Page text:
Russian lawmaker comments on US decision to end military subsidies to UkraineRussian Politics & Diplomacy May 24, 16:30
Nine Russian missile regiments rearmed with advanced ICBM systemsMilitary & Defense May 24, 16:01
Perm session completes cycle of regional offsite events in run-up to SPIEF 2017Press Releases May 24, 15:38
Ka-52 helicopters to have advanced weapon targeting systemMilitary & Defense May 24, 15:09
Amsterdam Court may look into appeal against Scythian Gold ruling in fallSociety & Culture May 24, 15:04
Russian ground forces to be fully rearmed with Iskander-M ballistic missiles by late 2020Military & Defense May 24, 14:58
Russian security chief calls for cooperation on cyber threatsRussian Politics & Diplomacy May 24, 14:34
About half of Russian Navy warships to be armed with Kalibr cruise missiles by late 2020Military & Defense May 24, 14:31
Stalin’s grandson passes away at 75Society & Culture May 24, 14:26
MOSCOW, March 15, 17:47 /ITAR-TASS/. All members of the observation mission from the Federation Council, the upper house of Russian parliament, have received the accreditation from the Central Electoral Commission of Crimea (autonomy within Ukraine) and will monitor the referendum on its status on Sunday, March 16.
“We have received all the necessary documents. We are now working out a plan of assignments for our observers,” the Federation Council press service quoted Valery Ryazansky, who heads the observation mission, as saying on Saturday, March 15.
Vladimir Dzhabarov, chair of the Federation Council Commission for Monitoring the Situation in Ukraine and first deputy chair of the Federation Council Committee on International Relations, said “the main task of the observers is to monitor how the referendum is prepared and conducted.”
The Federation Council set up the observation mission in reply to the Crimean parliament’s request. The mission consists of nine members of the Federation Council, some of whom represent regions that border on Ukraine.
Ryazansky told ITAR-TASS earlier that the Federation Council observers would spread over Crimea in order to monitor as many local polling stations as possible.
There are 1,204 local electoral commissions and 27 territorial ones in Crimea. A total of 1,550,000 ballots (excluding Sevastopol) have been printed for the referendum. Polling stations will work on March 16 from 10 a.m. until midnight Moscow time.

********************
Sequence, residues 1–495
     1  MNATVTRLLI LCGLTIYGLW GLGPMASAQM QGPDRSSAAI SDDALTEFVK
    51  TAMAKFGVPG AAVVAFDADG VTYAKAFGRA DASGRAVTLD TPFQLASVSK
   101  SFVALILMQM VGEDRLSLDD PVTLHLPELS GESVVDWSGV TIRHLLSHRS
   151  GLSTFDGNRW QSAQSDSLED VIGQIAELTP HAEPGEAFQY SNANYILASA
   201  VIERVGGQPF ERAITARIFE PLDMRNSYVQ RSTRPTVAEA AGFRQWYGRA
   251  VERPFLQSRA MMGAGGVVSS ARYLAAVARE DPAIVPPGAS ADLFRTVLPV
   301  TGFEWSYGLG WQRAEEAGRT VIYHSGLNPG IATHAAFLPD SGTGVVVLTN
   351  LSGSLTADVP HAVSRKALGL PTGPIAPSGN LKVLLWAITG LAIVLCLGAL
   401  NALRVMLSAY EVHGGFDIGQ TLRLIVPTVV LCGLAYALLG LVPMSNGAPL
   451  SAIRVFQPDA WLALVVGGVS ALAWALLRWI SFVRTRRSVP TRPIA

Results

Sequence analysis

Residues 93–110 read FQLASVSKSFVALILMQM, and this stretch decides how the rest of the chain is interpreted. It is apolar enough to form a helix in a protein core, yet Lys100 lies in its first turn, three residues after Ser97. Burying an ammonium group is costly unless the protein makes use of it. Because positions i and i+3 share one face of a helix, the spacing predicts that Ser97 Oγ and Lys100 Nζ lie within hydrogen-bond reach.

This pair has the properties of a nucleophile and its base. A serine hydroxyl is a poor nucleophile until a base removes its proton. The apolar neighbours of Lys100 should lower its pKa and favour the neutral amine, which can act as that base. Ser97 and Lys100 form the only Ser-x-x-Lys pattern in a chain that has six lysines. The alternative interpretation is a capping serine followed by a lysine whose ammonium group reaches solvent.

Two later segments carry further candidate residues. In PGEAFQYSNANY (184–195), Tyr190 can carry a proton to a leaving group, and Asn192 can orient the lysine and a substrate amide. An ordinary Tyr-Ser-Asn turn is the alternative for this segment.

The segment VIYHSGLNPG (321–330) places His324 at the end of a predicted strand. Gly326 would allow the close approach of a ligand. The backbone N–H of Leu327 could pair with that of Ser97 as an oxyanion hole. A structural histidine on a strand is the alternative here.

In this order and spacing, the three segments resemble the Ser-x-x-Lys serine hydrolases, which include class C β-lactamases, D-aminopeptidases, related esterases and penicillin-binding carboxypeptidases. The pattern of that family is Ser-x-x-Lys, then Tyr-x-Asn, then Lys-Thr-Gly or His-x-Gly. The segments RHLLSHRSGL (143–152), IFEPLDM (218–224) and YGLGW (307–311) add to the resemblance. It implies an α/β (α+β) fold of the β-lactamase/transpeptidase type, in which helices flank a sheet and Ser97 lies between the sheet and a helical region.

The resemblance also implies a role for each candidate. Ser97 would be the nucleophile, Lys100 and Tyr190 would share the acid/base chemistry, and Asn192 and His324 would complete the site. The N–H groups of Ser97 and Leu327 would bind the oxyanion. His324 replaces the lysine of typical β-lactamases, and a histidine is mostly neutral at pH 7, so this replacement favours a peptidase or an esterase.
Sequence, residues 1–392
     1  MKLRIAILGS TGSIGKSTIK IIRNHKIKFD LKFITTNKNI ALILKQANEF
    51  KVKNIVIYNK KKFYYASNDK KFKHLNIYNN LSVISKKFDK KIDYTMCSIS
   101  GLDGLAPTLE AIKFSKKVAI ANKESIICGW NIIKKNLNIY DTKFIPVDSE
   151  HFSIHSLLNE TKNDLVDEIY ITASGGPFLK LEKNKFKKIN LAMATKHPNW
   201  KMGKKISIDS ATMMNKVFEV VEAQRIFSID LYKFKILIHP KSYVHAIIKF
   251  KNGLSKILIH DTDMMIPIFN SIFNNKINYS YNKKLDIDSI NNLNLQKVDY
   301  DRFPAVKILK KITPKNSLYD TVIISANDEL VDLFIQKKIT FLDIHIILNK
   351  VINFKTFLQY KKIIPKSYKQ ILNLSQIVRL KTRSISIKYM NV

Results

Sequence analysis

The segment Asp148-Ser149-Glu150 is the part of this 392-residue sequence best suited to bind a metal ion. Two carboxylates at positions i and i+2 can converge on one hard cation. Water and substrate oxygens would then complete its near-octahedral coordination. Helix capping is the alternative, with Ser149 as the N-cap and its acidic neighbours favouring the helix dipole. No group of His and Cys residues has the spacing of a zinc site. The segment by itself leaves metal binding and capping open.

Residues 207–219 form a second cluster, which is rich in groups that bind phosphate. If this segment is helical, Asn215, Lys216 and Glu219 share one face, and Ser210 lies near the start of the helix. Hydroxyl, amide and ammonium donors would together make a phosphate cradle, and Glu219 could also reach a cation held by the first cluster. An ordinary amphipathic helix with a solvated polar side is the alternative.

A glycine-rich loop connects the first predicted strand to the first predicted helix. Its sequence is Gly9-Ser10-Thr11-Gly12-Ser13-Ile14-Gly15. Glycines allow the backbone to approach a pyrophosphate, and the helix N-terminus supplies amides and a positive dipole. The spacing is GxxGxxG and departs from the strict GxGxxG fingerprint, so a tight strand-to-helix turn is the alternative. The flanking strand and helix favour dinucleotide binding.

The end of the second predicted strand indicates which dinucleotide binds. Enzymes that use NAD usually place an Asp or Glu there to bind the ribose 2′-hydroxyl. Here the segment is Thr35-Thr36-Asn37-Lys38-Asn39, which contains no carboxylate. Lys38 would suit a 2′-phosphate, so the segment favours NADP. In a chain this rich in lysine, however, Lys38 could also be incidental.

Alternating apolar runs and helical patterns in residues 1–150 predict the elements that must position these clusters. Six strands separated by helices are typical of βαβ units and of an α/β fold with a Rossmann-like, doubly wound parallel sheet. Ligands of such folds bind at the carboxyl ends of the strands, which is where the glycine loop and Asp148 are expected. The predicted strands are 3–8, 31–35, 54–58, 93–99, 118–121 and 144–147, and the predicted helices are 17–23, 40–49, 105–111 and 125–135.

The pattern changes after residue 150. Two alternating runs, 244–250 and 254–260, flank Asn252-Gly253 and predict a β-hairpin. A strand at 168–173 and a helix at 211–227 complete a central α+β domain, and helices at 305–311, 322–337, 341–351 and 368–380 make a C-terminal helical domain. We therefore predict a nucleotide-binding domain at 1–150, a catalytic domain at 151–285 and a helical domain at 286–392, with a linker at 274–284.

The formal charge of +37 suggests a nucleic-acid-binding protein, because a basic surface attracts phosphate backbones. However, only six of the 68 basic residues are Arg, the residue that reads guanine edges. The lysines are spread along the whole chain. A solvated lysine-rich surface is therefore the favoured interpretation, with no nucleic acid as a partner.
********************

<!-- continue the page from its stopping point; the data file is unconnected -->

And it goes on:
The first results of Crimea’s referendum, in which its residents will have to decide whether they want to join Russia or stay within Ukraine, will be available on March 16 and the final results will be announced later, Crimean Minister of Information Dmitry Polonsky said.
He said one electoral commission would handle 1,000 ballots on the average. “I think we will see the first data, the quick ones when a commission counts, draws up a protocol and transmits [it] by telephone or electronic communication lines to the Central Electoral Commission, on the sixteenth,” the minister said.
The final results will be announced only after all official documents have been delivered to the Central Electoral Commission.
He believes that “we will get data, 90 percent reliable, before the end of the day on March 16.”
The referendum will be held on March 16. The decision was adopted by 49 of 50 MPs present at the session.
Two questions will be asked during the referendum:
1. Do you support Crimea’s reunification with Russia as its constituent member?
2. Do you support the restoration of the Constitution of the Republic of Crimea of 1992 and the status of Crimea as a part of Ukraine?
The ballots in Sevastopol will also include a question on its accession to Crimea as a city with a special status, he added.
Sevastopol’s City Council ruled on March 6, to hold a referendum on the city’s accession to Russia.